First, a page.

The best way to take full advantage of your Medicare benefits is to be aware of the terms of your coverage. A summary of general Medicare coverage information for 2017 is available online at: https://www.medicare.gov/pubs/pdf/10050-Medicare-and-You.pdf.
Persons with disabilities will soon be able to create self-settled special needs trusts on their own behalf under 42 U.S.C. 1396p(d)(4)(A). Under current law, creation of such a trust required the signature of a parent, grandparent or legal guardian, or court approval.
Should you die without having executed a Last Will and Testament, New Hampshire state law directs who will receive your assets and in what amounts. Dying without a Will is called, in legal terms, dying intestate. Your death certificate will be filed with the Probate Court in order to open your estate for administration and the Court will appoint someone – usually a family member – to serve as administrator. Once the administrator has settled .
You can find our latest article on the NH Bar website online at https://www.nhbar.org/publications/display-news-issue.asp?id=8317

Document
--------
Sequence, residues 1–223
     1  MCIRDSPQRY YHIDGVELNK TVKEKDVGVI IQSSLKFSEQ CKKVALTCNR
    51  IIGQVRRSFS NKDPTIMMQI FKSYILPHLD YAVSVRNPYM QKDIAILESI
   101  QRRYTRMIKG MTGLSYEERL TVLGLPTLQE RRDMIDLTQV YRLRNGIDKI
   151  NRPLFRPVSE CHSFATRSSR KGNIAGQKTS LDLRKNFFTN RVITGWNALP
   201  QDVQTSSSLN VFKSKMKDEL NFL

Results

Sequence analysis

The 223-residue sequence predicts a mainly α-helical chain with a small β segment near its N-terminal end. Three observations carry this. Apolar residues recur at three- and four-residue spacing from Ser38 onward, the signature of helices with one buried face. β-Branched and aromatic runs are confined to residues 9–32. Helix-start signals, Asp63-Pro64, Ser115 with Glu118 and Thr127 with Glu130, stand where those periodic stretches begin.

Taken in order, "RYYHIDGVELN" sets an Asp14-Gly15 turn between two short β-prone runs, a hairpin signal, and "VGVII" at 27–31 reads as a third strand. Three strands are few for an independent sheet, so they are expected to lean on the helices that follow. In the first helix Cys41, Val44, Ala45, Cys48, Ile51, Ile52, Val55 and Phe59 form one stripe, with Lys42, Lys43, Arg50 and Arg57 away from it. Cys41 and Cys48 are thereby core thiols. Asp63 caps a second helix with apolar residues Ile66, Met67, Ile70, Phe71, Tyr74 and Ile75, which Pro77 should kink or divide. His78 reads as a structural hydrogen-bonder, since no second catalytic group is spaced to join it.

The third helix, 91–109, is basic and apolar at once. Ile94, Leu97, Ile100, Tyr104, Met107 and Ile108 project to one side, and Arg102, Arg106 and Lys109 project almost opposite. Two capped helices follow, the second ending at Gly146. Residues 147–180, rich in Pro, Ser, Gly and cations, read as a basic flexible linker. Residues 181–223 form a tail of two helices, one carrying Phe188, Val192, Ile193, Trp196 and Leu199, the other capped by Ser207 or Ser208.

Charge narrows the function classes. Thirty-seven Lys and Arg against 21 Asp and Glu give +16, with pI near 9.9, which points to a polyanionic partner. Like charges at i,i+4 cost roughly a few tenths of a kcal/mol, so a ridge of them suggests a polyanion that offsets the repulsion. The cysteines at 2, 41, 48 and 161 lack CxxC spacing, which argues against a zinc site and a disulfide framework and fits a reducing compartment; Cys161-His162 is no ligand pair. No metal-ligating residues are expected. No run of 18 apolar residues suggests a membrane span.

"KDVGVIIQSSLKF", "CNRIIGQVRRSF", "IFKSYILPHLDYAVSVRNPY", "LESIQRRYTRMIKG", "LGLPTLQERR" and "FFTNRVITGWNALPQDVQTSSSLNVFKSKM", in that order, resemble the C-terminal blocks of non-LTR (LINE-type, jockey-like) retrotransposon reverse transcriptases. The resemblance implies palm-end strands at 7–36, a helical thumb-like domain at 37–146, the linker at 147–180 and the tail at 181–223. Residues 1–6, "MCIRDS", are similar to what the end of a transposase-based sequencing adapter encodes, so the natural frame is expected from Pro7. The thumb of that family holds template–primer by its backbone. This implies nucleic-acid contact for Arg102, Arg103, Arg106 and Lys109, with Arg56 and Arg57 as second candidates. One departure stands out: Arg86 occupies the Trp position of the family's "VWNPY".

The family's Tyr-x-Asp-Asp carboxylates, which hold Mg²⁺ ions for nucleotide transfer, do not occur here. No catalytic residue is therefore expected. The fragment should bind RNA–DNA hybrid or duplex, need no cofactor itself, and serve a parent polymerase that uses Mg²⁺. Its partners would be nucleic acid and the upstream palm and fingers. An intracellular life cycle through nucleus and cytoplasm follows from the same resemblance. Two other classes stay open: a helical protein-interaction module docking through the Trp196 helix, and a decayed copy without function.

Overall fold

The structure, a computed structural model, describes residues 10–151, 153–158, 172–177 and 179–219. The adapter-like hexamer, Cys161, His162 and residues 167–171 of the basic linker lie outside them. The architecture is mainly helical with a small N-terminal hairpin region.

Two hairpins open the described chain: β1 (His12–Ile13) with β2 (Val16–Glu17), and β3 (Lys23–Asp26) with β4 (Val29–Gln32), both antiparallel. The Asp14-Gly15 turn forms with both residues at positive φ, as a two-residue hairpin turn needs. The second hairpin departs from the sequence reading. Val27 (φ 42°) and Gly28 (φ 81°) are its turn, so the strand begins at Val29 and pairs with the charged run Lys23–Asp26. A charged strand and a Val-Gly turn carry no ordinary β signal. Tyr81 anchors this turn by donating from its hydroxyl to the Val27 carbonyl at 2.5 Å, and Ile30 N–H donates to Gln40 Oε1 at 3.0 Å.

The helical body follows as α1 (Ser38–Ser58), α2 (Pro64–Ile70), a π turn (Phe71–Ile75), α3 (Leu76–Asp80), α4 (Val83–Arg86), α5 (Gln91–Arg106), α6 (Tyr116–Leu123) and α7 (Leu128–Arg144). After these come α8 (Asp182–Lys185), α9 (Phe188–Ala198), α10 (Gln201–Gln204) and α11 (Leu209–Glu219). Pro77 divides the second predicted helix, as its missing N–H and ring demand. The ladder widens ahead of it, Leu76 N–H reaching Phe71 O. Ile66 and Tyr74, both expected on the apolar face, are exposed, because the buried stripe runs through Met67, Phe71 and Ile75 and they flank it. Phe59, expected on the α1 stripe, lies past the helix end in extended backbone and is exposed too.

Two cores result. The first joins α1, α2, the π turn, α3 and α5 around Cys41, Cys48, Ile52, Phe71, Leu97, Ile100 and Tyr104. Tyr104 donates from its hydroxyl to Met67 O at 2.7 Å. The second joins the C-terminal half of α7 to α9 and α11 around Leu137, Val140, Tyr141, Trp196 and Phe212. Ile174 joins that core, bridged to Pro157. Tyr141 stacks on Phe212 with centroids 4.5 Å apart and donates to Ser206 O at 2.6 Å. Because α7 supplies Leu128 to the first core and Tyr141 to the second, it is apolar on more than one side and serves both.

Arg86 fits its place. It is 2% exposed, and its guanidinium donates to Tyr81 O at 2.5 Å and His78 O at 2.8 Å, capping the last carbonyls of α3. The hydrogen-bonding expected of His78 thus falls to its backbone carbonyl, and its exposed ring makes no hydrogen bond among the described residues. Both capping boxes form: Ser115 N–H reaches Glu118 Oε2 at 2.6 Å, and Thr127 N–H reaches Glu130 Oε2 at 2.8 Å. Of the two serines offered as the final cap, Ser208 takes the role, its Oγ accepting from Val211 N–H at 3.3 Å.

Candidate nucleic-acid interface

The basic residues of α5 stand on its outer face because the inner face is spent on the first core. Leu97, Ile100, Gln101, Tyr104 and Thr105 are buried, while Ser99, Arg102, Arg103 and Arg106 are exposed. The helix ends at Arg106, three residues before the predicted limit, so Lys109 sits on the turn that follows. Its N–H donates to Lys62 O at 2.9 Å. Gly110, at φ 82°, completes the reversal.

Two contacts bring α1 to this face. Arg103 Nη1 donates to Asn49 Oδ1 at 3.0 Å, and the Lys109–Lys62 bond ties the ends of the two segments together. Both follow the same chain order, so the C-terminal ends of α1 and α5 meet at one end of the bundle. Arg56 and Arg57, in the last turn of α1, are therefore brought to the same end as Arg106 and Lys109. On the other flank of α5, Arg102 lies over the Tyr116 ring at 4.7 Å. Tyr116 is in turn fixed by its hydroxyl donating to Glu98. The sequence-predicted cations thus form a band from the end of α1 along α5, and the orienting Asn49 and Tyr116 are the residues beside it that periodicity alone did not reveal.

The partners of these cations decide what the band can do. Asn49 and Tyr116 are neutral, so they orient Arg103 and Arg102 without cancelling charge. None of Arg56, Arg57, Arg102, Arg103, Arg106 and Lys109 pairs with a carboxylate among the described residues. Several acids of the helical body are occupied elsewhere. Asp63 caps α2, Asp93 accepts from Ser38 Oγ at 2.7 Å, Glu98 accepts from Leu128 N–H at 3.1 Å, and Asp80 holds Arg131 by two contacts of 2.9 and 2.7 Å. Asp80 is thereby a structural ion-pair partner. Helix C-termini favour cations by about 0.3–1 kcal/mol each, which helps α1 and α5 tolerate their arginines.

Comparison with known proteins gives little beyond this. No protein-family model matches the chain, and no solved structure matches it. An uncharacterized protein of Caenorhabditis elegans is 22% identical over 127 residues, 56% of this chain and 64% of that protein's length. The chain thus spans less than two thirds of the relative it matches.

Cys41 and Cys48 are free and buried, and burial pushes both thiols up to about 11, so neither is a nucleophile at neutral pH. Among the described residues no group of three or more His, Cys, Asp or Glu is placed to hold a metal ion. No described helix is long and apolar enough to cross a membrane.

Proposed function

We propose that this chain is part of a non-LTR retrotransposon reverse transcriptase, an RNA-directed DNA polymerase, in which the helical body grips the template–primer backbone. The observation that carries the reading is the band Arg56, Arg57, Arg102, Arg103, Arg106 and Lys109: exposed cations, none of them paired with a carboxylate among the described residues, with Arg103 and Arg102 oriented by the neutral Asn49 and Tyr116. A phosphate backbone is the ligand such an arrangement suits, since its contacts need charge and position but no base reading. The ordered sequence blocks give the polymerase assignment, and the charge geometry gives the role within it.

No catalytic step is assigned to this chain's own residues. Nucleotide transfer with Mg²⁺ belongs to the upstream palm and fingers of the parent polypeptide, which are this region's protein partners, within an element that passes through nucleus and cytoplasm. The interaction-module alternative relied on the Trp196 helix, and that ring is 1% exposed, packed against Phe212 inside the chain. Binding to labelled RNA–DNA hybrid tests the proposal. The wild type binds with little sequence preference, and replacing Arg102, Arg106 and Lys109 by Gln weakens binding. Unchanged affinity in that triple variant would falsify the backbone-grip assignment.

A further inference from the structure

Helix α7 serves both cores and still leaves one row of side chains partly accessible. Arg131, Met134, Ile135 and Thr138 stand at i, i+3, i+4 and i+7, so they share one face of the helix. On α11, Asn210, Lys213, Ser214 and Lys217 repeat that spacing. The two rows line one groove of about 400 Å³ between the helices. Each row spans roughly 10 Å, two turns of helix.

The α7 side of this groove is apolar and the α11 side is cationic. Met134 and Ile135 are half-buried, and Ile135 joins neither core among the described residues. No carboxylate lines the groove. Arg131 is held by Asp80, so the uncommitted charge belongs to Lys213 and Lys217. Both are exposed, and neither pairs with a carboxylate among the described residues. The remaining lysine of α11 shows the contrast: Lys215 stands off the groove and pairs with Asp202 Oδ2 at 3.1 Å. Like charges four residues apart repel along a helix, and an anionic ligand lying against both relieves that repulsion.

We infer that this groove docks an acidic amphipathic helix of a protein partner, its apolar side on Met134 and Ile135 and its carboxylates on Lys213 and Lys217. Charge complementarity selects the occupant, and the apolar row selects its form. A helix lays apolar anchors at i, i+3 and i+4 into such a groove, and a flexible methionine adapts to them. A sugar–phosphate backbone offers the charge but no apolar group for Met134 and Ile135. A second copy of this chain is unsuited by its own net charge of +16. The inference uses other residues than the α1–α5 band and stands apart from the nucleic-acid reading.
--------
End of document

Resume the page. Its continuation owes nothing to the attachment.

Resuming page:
Beneficiaries of irrevocable trusts and trustees administering assets for individuals who rely on public benefits based on financial need, such as Supplemental Security Income (SSI), may be interested in a recent Social Security Administration (SSA) publication of internal instructions (an "Emergency Message - EM"). EM-16012 instructs SSA staff to provide more detail regarding the reasoning for an agency decision when a trust, such as a .
It is not uncommon to be confused about the difference between Medicare and Medicaid. Although these two programs have similar sounding names, and are administered by the same federal agency, these programs are very different. One major difference between Medicare and Medicaid is that Medicare does not have a financial eligibility test; individuals who are disabled or reach retirement age, qualify for Medicare based on work history. In .
The Centers for Medicare and Medicaid Services (“CMS”) recently announced the 2016 annual Medicare premiums and deductibles.
Please see our most recent article in the August, 2015 NH Bar News.
In New Hampshire, a child who turns eighteen (18) is considered an adult regardless of capacity. After that “magic” age, parents (or other family members or interested parties filling in the role of parents) no longer have the legal authority, without written authorization, to speak with a child’s doctors about medical treatment or work with the school system on such child’s behalf. Depending upon your child’s ability to manage his or her .